To Homer, Mindy is a vision, Venus in the flesh. He daydreams about her. He can’t stop thinking about her. This is a new side of Homer, a side that’s sexual and romantic and tempted to do the unthinkable and cheat on Marge. On the commentary, the writers note that “The Last Temptation Of Homer” got far fewer laughs at the table read than most of the scripts of the time. I suspect that’s because the sequences of Homer fighting his temptation to Mindy and their bottomless similarities are less laugh-out-loud funny than sweet and amusing and also because the prospect of Homer having sex is enough to make even the most open-minded and sex-positive Simpsons fans a little queasy.
“The Last Temptation Of Homer” features a number of reversals. Usually it’s Marge who has to wearily resign herself to a hard, painful domestic life when she has the potential for so much more. Here, however, it’s Homer, now in cleaned-up, presentable form, who comes home to be comforted by the warmth and love of his married life and is confronted by a sickly, awful-looking Marge wearing a tee-shirt of her face grotesquely distorted, fish-sticks burnt on the outside but frozen in the middle courtesy of Lisa, grandpa chasing a raccoon and Bart looking and acting for all the world like a genuine nerd.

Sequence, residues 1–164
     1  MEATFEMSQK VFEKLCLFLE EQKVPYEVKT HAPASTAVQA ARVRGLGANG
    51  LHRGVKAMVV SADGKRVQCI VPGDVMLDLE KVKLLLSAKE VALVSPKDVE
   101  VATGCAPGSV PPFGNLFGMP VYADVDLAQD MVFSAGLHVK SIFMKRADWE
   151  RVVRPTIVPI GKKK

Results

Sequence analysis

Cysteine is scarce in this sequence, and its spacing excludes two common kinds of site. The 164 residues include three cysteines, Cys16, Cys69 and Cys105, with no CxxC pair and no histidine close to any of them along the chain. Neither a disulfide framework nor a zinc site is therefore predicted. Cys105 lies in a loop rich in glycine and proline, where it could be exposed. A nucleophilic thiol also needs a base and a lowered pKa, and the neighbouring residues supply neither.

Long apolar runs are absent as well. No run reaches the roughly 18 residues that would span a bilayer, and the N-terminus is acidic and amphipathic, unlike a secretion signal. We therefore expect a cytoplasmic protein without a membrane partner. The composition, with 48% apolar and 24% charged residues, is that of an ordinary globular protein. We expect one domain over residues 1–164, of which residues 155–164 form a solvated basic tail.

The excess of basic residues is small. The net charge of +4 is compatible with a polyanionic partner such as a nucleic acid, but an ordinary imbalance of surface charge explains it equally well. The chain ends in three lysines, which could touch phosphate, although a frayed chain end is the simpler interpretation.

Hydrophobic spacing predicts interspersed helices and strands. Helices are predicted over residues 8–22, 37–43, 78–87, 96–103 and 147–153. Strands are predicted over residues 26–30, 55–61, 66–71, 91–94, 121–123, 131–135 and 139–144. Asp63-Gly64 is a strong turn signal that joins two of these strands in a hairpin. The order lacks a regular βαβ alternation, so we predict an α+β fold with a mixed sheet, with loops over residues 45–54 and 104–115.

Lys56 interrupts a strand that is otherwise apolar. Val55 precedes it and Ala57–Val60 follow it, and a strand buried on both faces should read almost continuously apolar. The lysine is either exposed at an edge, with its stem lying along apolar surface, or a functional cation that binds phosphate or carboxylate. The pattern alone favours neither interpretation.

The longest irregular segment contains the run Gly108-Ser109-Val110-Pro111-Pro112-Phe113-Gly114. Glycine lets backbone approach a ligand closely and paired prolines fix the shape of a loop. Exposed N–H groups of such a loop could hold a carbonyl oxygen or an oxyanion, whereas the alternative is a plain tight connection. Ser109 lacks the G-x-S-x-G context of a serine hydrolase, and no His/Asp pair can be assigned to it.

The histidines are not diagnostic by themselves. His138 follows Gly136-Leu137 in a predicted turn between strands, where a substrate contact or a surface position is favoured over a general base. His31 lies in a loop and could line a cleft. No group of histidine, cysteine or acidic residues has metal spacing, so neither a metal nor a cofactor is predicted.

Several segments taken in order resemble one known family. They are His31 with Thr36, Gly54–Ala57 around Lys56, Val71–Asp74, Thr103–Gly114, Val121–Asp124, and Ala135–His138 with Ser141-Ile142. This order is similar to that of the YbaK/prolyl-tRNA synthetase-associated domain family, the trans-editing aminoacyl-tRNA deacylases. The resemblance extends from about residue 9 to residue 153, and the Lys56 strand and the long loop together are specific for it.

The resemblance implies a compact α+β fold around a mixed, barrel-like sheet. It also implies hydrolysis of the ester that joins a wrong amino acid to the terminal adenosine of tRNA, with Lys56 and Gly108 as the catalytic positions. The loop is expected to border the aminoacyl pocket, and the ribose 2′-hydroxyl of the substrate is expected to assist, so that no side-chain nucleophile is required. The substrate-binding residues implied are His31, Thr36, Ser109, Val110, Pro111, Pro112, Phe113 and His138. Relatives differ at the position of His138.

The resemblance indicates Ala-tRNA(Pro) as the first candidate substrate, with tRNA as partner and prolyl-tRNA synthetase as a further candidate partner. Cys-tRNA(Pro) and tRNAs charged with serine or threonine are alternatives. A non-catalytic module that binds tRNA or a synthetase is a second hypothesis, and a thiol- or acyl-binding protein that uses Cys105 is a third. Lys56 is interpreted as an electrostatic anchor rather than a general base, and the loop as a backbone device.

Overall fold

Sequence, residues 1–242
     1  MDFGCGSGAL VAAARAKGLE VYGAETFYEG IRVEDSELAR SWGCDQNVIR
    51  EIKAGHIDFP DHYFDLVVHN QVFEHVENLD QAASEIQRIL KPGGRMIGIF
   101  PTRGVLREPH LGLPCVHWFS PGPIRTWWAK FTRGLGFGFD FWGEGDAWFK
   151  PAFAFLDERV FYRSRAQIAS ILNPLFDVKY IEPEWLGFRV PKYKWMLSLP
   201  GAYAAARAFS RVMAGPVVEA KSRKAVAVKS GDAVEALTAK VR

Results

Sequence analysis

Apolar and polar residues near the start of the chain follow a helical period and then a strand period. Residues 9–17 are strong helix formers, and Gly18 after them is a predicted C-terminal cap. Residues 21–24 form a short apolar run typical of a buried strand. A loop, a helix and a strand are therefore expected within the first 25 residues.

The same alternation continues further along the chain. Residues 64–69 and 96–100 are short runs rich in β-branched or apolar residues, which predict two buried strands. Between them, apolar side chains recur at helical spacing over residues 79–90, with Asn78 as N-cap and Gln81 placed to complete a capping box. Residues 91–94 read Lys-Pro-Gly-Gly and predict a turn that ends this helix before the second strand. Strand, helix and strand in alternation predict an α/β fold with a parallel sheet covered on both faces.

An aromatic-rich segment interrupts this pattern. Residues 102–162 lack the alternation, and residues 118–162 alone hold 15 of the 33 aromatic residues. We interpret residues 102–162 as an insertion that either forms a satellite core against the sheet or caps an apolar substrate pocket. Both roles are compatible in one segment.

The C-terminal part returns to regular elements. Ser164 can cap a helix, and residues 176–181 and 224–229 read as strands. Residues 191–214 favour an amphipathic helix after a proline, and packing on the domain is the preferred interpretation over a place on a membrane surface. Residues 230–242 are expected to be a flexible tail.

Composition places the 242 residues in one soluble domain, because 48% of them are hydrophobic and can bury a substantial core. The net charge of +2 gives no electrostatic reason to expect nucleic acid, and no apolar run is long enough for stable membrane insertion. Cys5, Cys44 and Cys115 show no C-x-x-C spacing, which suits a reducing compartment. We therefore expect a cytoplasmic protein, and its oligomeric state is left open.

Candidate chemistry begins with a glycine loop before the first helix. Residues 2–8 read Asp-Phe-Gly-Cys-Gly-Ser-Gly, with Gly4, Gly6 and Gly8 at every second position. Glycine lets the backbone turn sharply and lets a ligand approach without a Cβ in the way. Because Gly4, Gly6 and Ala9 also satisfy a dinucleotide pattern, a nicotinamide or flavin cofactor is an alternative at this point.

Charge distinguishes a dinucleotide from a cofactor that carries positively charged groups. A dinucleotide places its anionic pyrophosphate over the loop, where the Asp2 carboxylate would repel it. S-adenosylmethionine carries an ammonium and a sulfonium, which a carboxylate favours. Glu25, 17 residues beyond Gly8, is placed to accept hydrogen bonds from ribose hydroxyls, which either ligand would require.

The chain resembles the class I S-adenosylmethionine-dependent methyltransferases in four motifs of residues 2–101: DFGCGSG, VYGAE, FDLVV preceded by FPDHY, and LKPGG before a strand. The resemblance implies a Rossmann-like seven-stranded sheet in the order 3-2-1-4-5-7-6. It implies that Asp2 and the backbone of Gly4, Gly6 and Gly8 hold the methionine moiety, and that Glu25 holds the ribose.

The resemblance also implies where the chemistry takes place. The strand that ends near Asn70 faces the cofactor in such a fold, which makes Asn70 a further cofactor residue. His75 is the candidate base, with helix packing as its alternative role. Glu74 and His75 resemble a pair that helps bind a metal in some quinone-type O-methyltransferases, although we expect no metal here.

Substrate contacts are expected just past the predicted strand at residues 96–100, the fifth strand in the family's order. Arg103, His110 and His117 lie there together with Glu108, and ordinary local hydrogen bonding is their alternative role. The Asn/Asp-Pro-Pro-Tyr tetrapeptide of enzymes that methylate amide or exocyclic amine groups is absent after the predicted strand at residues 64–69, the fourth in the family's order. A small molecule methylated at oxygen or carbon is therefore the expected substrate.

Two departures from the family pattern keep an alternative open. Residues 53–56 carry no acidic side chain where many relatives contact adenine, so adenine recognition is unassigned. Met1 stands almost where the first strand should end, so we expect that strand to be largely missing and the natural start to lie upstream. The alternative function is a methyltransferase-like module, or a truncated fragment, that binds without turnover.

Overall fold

As has been acknowledged on the show many times, most dramatically and memorably in “Homer’s Enemy”, Homer is the luckiest man in the world, a blessed creature with a beautiful, patient wife, a brilliant, moral daughter, a delightful baby and an endless series of charmed adventures. So cheating on Marge wouldn’t just be amoral: it would be stupid as well.
Homer’s temptation leads him in some pretty strange directions. In the episode’s most perversely inspired bit, Homer’s guardian angel appears to him first in the form of Sir Isaac Newton, as the angel wanted to assume the form of someone Homer was sure to know and trust. When that doesn’t work, the angel adopts the form of Colonel Klink from Hogan’s Heroes and counter-productively shows Homer that if he had married Mindy he would now be living in a mansion with her while Marge would be the President of the United States in a reverse-It’s A Wonderful Life scenario that illustrates that, alas, Homer marrying Mindy would actually have worked out much better for everyone involved.